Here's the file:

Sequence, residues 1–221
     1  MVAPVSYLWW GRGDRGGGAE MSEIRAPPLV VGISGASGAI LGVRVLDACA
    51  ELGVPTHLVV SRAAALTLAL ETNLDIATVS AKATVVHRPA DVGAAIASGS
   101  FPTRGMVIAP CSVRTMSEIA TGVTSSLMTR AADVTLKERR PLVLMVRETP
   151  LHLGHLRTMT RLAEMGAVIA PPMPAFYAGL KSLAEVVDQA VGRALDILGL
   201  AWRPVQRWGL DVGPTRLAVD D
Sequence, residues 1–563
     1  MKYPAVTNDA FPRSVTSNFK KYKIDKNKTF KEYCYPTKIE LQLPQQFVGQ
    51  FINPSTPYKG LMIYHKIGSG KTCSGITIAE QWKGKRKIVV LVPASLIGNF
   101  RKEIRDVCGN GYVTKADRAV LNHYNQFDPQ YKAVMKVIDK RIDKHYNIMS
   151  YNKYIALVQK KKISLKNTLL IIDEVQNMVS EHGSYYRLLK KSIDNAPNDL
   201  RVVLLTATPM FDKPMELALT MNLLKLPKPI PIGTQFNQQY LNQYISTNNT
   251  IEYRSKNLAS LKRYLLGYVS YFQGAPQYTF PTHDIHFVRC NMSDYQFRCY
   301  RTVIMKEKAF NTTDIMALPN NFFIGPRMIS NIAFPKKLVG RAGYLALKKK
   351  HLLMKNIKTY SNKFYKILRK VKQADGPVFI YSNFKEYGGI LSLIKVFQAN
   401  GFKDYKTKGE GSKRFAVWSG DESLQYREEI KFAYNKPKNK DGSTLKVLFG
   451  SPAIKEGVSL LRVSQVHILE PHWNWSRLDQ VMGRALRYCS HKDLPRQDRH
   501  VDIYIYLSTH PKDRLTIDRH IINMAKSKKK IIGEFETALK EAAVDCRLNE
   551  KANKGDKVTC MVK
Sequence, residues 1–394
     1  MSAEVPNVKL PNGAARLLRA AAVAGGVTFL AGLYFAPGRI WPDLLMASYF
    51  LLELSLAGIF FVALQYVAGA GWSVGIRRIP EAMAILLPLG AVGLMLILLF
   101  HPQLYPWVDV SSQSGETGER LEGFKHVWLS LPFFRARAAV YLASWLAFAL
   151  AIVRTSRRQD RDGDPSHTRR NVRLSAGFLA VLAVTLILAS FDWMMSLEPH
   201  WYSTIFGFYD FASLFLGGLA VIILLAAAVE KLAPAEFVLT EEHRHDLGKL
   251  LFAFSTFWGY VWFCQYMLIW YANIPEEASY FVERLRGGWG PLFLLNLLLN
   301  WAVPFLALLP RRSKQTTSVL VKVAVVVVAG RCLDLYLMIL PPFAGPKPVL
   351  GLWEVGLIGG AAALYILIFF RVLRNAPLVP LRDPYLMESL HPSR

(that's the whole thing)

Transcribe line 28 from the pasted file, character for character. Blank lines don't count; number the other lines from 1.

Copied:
   351  GLWEVGLIGG AAALYILIFF RVLRNAPLVP LRDPYLMESL HPSR